Russian lessor demands money from Airbus for 4 undelivered A350s

Russian lessor demands money from Airbus for 4 undelivered A350s

Russian leasing company Aviacapital Service (AKS) said it would continue its lawsuit against Airbus despite the aircraft manufacturer returning nearly $200 million in advance to Aeroflot. for four undelivered A350s. The lessor is seeking the return of another $5.1 million in advance payments given to Airbus for future aircraft deliveries. 

Aviacapital Service, a subsidiary of the state-owned corporation Rostec, filed a lawsuit against Airbus with the Moscow Arbitration Court on December 13 last year demanding the return of $5.1 million in advances paid to the aircraft manufacturer. Despite the fact that Airbus returned nearly $200 million in advance payments to AKS client Aeroflot, the lessor does not intend to withdraw the claim.

According to Aviacapital Service, “the returned advances were intended for Aeroflot.” As for the second lawsuit, it does not apply to relations between Aeroflot; and Airbus, but only on the relationship between AKS and Airbus, and therefore the claim will not be withdrawn.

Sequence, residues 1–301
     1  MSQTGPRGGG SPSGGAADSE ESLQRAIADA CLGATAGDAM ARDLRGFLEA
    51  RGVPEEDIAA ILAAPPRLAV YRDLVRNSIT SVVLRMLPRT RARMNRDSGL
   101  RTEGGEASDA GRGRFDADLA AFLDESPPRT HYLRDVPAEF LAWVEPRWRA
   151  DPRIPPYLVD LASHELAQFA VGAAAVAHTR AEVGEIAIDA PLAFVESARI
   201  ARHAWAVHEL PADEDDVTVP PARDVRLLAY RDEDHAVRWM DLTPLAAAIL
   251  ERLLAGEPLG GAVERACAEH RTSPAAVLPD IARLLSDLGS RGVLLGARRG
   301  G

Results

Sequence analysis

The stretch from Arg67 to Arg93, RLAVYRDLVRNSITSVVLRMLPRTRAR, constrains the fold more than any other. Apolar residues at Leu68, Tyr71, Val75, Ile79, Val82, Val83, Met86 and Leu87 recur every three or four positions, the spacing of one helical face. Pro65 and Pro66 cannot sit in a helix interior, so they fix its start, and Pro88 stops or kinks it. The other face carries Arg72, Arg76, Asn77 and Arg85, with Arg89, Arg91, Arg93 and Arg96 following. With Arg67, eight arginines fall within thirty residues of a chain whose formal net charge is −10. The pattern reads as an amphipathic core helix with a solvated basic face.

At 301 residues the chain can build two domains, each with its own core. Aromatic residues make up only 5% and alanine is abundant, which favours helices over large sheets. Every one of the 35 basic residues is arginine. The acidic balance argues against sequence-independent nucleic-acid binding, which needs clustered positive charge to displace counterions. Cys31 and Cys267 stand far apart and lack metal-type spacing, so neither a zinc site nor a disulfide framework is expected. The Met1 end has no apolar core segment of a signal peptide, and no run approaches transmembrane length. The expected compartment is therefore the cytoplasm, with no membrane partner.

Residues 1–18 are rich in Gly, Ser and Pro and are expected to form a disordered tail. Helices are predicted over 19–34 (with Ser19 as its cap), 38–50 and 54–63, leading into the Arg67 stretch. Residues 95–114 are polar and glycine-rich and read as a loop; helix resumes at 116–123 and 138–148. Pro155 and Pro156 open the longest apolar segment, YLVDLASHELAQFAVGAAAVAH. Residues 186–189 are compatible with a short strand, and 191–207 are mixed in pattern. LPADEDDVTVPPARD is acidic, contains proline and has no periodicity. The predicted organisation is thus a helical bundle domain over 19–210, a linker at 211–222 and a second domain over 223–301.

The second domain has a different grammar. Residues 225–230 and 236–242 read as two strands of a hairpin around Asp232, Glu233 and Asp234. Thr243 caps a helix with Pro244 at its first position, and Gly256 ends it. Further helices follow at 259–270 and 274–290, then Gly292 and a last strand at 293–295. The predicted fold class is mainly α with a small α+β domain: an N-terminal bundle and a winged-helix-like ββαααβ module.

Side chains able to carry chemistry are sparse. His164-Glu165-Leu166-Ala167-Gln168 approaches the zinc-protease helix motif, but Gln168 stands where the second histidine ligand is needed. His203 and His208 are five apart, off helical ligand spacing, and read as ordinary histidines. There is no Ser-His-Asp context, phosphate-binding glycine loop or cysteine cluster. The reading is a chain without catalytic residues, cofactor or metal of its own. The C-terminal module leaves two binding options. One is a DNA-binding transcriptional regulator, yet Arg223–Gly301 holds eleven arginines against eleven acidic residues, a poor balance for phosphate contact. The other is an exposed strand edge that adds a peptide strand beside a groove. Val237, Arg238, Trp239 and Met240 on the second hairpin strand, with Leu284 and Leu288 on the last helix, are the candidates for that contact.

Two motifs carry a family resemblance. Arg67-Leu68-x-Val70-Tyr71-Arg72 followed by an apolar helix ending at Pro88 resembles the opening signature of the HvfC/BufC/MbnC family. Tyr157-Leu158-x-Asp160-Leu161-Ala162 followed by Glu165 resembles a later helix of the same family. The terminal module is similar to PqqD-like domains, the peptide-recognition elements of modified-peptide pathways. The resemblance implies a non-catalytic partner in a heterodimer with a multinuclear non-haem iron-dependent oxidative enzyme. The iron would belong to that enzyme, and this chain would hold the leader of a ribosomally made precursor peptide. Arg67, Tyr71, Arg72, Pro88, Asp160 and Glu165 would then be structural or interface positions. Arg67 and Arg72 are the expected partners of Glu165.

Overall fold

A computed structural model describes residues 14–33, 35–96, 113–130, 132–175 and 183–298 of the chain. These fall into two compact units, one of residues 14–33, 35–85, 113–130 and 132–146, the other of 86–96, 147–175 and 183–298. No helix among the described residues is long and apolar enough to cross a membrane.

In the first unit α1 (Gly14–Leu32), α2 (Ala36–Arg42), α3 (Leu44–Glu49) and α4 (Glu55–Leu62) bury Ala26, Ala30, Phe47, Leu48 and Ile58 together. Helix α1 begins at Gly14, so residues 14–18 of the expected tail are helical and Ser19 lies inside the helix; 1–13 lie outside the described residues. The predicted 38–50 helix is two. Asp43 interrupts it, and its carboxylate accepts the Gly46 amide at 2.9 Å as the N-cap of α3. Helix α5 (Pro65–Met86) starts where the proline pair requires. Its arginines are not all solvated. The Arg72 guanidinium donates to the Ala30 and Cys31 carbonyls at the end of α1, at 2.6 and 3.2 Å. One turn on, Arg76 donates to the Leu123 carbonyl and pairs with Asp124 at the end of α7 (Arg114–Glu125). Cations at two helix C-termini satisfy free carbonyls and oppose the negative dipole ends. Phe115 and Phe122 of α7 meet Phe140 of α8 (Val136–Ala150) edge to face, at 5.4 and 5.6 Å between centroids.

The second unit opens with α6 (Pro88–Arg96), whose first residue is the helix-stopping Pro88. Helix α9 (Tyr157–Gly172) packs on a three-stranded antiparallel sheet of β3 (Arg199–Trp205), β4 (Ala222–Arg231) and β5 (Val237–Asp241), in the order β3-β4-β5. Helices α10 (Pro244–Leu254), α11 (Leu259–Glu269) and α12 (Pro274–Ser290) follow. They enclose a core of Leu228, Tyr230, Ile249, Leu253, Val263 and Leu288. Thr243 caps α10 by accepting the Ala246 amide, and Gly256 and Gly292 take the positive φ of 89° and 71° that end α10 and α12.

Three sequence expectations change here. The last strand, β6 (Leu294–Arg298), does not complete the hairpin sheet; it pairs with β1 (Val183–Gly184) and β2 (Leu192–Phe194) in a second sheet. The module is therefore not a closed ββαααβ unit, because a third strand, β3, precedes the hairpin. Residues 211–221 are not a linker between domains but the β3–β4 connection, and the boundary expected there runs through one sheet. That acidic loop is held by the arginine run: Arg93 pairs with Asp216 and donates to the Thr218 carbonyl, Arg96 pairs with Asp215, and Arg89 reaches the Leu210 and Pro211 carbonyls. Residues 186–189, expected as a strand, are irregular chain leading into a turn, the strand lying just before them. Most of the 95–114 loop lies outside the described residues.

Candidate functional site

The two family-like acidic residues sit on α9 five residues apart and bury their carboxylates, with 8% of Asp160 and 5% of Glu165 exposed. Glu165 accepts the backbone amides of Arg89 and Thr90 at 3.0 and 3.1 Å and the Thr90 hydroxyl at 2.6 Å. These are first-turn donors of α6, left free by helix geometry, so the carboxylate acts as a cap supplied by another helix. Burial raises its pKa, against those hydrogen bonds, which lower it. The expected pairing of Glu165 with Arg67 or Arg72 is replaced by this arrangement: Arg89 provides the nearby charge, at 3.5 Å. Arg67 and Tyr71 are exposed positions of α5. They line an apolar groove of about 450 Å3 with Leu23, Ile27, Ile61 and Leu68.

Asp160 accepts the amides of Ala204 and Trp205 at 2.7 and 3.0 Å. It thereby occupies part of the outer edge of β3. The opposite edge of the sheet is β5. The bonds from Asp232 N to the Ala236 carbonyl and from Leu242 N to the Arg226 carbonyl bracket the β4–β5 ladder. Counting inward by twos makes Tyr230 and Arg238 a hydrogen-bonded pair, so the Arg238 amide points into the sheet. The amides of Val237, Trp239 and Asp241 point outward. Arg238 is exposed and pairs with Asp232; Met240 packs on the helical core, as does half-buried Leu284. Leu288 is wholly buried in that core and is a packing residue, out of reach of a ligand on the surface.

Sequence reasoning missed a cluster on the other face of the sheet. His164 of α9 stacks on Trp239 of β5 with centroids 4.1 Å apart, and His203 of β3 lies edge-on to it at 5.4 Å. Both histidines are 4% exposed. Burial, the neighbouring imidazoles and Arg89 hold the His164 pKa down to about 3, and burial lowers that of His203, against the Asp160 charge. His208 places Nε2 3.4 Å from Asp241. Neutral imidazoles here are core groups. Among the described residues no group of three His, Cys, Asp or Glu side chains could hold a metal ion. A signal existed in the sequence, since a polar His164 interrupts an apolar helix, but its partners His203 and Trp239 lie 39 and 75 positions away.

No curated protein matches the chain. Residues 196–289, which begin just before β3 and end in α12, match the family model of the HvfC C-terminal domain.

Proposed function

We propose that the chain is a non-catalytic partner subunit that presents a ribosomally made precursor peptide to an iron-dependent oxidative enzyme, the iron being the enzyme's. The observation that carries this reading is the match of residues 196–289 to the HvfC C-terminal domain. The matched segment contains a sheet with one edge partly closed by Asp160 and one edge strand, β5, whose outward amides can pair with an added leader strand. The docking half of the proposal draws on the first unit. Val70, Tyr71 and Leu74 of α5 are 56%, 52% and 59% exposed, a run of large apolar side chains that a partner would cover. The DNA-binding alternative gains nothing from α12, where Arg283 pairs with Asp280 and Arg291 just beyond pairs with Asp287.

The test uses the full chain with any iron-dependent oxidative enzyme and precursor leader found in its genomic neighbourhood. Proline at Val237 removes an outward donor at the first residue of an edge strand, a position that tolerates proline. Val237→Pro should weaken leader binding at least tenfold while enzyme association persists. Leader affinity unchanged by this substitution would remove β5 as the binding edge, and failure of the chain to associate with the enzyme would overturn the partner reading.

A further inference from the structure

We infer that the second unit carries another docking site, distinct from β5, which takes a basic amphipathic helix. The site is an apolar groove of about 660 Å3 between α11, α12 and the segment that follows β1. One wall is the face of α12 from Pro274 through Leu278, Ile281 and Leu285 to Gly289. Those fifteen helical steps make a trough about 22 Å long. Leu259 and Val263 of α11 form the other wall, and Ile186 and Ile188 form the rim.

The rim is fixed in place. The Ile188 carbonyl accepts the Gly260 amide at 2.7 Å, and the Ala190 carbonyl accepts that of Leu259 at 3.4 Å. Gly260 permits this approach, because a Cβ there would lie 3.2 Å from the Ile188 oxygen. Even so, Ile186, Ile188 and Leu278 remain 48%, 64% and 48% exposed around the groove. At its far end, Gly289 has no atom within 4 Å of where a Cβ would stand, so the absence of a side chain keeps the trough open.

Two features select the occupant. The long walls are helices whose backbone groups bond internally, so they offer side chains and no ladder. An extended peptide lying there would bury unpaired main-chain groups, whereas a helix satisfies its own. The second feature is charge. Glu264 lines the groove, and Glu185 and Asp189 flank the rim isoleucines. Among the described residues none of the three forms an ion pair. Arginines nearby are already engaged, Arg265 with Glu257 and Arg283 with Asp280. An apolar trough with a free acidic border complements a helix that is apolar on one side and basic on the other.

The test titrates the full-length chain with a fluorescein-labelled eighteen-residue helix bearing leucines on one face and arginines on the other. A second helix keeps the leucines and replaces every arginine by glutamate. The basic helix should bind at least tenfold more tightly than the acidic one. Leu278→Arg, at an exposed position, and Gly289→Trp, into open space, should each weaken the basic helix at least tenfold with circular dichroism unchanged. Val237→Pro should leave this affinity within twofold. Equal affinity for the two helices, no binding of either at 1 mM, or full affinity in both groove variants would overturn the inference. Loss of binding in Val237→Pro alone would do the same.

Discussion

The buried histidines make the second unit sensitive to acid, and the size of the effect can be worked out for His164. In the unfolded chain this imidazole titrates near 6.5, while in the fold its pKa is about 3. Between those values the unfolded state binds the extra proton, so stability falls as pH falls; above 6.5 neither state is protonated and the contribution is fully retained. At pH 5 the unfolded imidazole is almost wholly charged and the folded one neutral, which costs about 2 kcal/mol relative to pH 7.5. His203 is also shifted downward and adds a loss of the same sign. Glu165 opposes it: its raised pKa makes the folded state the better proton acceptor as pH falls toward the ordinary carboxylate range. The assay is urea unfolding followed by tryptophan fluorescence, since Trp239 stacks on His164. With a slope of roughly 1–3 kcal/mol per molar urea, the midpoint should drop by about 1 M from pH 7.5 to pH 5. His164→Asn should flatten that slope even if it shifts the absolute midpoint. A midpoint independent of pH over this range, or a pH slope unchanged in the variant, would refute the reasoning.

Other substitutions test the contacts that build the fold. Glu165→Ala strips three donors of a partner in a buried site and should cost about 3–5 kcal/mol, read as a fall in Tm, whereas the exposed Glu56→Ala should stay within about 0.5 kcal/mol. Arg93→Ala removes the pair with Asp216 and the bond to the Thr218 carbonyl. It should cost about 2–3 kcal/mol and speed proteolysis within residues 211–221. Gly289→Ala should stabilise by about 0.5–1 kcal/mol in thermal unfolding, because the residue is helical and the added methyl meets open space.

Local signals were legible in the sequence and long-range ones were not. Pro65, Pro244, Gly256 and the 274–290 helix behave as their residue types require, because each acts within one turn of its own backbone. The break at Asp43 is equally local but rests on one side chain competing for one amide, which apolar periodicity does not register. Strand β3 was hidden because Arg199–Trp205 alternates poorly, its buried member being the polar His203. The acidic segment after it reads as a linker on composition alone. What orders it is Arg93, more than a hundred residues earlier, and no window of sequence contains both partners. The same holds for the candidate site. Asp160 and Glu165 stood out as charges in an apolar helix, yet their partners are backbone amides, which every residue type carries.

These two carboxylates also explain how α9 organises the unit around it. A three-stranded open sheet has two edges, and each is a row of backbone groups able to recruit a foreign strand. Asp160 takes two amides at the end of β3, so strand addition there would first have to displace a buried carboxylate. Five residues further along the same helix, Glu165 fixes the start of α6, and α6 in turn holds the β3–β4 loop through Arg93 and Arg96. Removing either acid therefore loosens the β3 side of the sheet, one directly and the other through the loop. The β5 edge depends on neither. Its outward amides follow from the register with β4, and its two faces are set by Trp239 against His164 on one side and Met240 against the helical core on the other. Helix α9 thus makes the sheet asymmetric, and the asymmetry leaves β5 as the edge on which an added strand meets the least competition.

Earlier, Russian media reported that Airbus returned to Aeroflot $199 million associated with four A350s. Western economic sanctions ban local firms from doing business with Russian companies, but refunds have been allowed even though these sanctions are still in place.

This was announced to journalists by the General Director of Aeroflot Sergei Aleksandrovsky at the St. Petersburg International Economic Forum. “Last year we did this kind of work – quite intense and interesting – with Airbus. As a result, we were able to agree on all terms, and in December 2022 we received a $199 million refund from Airbus for four A350s. Oddly enough, despite the sanctions restrictions, we were able to reach an agreement.

Back in 2007, Aeroflot placed an order for 22 A350-900 aircraft, of which seven were delivered between 2020 and 2022. Sanctions imposed because of the events in Ukraine have made it difficult to maintain Western-made aircraft, and Aeroflot I even had to send my planes to Iran for the next MOT.

Aeroflot plans to reduce the number of dual-registration foreign aircraft in its fleet as part of a global plan to buy aircraft from lessors. The carrier reportedly operates more than 160 dual-registration aircraft, most of which are operated by the Bermuda Civil Aviation Authority (BCAA). If Aeroflot manages to reduce the dual-registration fleet, this will open up more opportunities for the carrier for international flights.

The problem is that the lease agreements were terminated unilaterally by foreign partners. Today, this is a key obstacle to the withdrawal of the fleet from foreign registries.

Since last year, airlines in Russia have re-registered more than 360 aircraft. According to experts, this practice does not always comply with previously adopted international aviation standards, but the re-registration of aircraft in Russia allowed carriers to continue their operation.

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